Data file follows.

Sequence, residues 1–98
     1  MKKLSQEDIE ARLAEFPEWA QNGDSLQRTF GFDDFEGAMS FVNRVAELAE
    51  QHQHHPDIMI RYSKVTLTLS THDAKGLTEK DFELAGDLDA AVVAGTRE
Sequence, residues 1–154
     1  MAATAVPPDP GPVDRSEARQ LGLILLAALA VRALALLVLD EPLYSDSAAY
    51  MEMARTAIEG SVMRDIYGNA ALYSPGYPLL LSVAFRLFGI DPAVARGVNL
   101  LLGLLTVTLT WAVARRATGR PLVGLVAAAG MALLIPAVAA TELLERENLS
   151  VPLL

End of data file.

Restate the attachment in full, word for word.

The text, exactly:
Sequence, residues 1–98
     1  MKKLSQEDIE ARLAEFPEWA QNGDSLQRTF GFDDFEGAMS FVNRVAELAE
    51  QHQHHPDIMI RYSKVTLTLS THDAKGLTEK DFELAGDLDA AVVAGTRE
Sequence, residues 1–154
     1  MAATAVPPDP GPVDRSEARQ LGLILLAALA VRALALLVLD EPLYSDSAAY
    51  MEMARTAIEG SVMRDIYGNA ALYSPGYPLL LSVAFRLFGI DPAVARGVNL
   101  LLGLLTVTLT WAVARRATGR PLVGLVAAAG MALLIPAVAA TELLERENLS
   151  VPLL